Thornton notes that the phrase "Found drowned" was a stock formulation in newspaper headlines of the day. Gifford adds that "High water at Dublin bar" likewise comes directly from the popular press: it was the phrase used in the tidetables published in Thom's 1904 (p. 5 ff.).
Newspapers' use of the first phrase, Thornton observes,
derived "from the fact that 'found drowned' is the official
coroner's jury's verdict when a person is so found and no foul
play is suspected. Such an instance occurs in the Freeman's
Journal for March 29, 1904."
 The phrase was commonplace in other vehicles of 19th
century British culture. At mid-century, the English painter
of allegories George Frederic Watts tried his hand at social
realism in several striking works, including an oil painting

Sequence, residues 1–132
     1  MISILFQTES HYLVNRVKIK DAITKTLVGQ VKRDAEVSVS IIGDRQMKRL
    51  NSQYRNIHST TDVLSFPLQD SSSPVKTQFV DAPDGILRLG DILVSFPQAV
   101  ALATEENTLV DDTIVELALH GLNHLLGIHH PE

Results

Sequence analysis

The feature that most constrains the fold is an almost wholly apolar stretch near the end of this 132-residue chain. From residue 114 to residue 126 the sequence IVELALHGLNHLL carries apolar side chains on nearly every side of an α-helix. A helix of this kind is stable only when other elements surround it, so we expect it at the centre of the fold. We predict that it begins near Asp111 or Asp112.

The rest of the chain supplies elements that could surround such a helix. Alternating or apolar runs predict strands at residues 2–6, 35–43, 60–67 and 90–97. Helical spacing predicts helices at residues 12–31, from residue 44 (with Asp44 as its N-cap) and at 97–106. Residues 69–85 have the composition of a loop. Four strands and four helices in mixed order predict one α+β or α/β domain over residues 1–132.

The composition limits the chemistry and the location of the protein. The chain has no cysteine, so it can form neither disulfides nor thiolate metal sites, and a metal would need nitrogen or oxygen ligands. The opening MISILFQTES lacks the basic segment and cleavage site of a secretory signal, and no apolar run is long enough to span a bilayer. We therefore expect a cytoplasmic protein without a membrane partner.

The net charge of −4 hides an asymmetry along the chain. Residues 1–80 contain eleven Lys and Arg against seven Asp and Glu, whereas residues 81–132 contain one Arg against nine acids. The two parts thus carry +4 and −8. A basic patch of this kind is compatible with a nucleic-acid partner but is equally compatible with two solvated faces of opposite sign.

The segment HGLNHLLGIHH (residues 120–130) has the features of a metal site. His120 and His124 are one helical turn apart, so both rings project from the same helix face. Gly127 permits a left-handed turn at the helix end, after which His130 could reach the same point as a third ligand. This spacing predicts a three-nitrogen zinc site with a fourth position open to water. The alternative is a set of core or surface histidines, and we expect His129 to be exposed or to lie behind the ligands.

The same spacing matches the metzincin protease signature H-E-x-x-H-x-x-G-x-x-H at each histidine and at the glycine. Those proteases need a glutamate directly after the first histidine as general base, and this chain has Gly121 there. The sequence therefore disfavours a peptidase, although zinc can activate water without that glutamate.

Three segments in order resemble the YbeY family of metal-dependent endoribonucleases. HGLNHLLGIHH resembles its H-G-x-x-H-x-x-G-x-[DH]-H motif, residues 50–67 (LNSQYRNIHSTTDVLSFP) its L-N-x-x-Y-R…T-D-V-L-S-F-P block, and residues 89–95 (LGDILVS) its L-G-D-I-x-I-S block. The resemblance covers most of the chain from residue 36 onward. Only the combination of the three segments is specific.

titled Found Drowned. The canvas shows a woman who has
been pulled from the Thames, presumably after committing
suicide to escape sexual disgrace.
Charles Dickens' Bleak House (1853) acknowledges the
frequency of such suicides. In chapter 57, when Esther
Summerson and Mr. Bucket are searching for Lady Dedlock, she
sees her companion talking with some policemen and sailors
against a slimy wall that holds a bill with the words, "'FOUND
DROWNED;' and this, and an inscription about Drags,
possessed me with the awful suspicion shadowed forth in our
visit to that place."